Hitting With Purpose

Cavazos-Galvez hopes his stats will get noticed




Only off the field is Brian Cavazos-Galvez an open book, where he freely welcomes others to take a peek inside no matter how awkward the view.

On the field, that book is slammed shut and sealed tight, giving opponents little chance to get inside his head and upend his ultimate goal. Destined to be a Dodger and determined to make his father proud even though he hasn't talked to him in 12 years, Cavazos-Galvez couldn't have mapped this out better if somebody was granting him three wishes.

Cavazos-Galvez was all-state in baseball twice at Albuquerque's Manzano High. He was an all-American (and made the dean's list) at New Mexico JC. He was a two-time all-Mountain West Conference performer at the University of New Mexico.

The Dodgers drafted him in the 12th round in June, and he has kept hitting as a pro. Cavazos-Galvez was batting .336/.362/.636 with 14 home runs and 55 RBIs for Rookie-level Ogden. The outfielder's 28 doubles led the Pioneer League, six ahead of his closest pursuer. He was tied for the league lead in RBIs.

Cavazos-Galvez is fine if his on-field achievements have not been noticed by his father. He knows there is much more work to be done. His lifelong dream of making the major leagues doesn't just involve fame and fortune. The guy has a hole in his heart to fill.

A Born Dodger

Albuquerque is a way station for hot Dodgers prospects again, just as it was from 1972 to 2000. The names that have passed through the city on the Rio Grande read like a who's-who of modern Dodgers history: Mike Piazza, Orel Hershiser, Pedro Martinez, Fernando Valenzuela, Raul Mondesi and Mike Scioscia are among the many who have spent time in Albuquerque. Tommy Lasorda managed there in 1973.

A lesser known player named Balvino Galvez also pitched there in 1986 before getting called up to the Dodgers later that year. While in Albuquerque, Galvez was introduced to the Cavazos family, a Spanish-speaking clan that had befriended Latin prospects for years.

Martinez and Mondesi were regulars at the Cavazos home.

"When those guys played in Albuquerque, (the Cavazos family) used to go there and help them out, take them to places, take them to eat, sometimes the players stayed with the family," said Dodgers first base coach Mariano Duncan, who spent his share of time with the Cavazos as well.

Cynthia Cavazos, who used to help her mother take care of the players, hit it off with Galvez during the 1986 season. In May of 1987 Brian Cavazos-Galvez was born.

When baseball started again in '87 Galvez was at Vero Beach before he was traded to the Tigers. He then bounced around to Orlando, Portland, Columbus, Jacksonville, Indianapolis, San Antonio and back to Albuquerque for 30 games in 1992.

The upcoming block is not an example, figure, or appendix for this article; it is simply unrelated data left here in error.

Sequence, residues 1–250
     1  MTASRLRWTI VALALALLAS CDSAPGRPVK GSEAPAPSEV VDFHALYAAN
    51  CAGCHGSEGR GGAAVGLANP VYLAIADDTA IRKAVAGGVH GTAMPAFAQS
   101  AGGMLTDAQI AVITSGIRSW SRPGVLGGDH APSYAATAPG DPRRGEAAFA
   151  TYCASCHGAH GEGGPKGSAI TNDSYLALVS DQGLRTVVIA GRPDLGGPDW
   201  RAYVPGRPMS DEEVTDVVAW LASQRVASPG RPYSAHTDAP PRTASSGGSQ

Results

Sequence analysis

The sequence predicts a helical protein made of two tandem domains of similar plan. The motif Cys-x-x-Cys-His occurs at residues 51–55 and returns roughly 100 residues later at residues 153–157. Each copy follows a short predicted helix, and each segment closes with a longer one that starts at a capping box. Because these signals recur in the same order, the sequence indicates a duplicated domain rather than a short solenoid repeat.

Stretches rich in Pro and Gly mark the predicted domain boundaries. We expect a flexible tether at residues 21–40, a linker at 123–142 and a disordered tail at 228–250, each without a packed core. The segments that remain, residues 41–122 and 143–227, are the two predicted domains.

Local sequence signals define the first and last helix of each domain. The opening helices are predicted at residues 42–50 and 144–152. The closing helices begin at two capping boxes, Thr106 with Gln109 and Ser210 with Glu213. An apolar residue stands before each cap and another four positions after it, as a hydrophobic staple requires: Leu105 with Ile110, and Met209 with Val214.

It never worked out between Cavazos and Galvez, though. Brian Cavazos-Galvez said that his father left to play baseball in Japan in the early 1990s and married somebody else.

If there were any hard feelings, the Cavazos family kept them from little Brian.

"I have all of my old baby pictures and in most of them I'm wearing Dodgers stuff," Cavazos-Galvez said. "Of all the players that were in my house, Mondesi was my favorite."

Cavazos-Galvez last talked to his father in 1997 when he was 10 years old.

"It's pretty much in his hands," he said of a potential reunion with his dad, who has returned to his native Dominican Republic. "I would like to talk to him. It's been a very long time. I still have some family ties. Mariano Duncan and him are good friends."

Cavazos-Galvez knows his father has an entirely different life, yet the 21-year-old isn't backing away from putting the Galvez name into the spotlight. If anything, he is determined to make it as public as possible. He knows there is a reunion to plan somewhere down the line.

Whatever It Takes

Duncan sits at his locker in the Dodger Stadium coaches' room and regularly looks at the team's minor league statistics. He starts with Ogden. He doesn't have to look very far down to see the offensive exploits of Cavazos-Galvez. He considers himself the kid's uncle, and he beams with pride at the totals.

"I say, I'm happy for him because he's putting in a name for himself," Duncan said. "At the same time I say, 'Don't worry about your daddy. Everything will be there at the right time.' "

Cavazos-Galvez has made a seamless transition from Division I to the pros. "Quality and consistency are my goals," he said. "I'm prepared to do anything they need. I can increase my power numbers if they want, and if I had to, I can trim down and add more doubles."

The Dodgers were interested in drafting Cavazos-Galvez in 2008, but backed off when they thought he didn't want to sign. It turned out that his draft paperwork wasn't filed properly and the Dodgers took that as a sign the kid had decided against turning pro.

"That was never the case," Cavazos-Galvez said. "I turned in my papers and they were lost. They said, 'We never got your papers.' "

The Dodgers waited another year before grabbing their guy. Duncan said he stayed on the scouting department to make sure they had his "nephew" on their radar.

Despite not talking to his dad for a dozen years and nearly missing out on being drafted by the Dodgers, Cavazos-Galvez wouldn't change a thing. While he can't say why he thinks all this has happened the way it has, he knows he is close to something special.

"Growing up I can remember all the little things like being in the Dukes locker room and being on the field," he said. "It just feels like it's destiny that it has all worked out like this."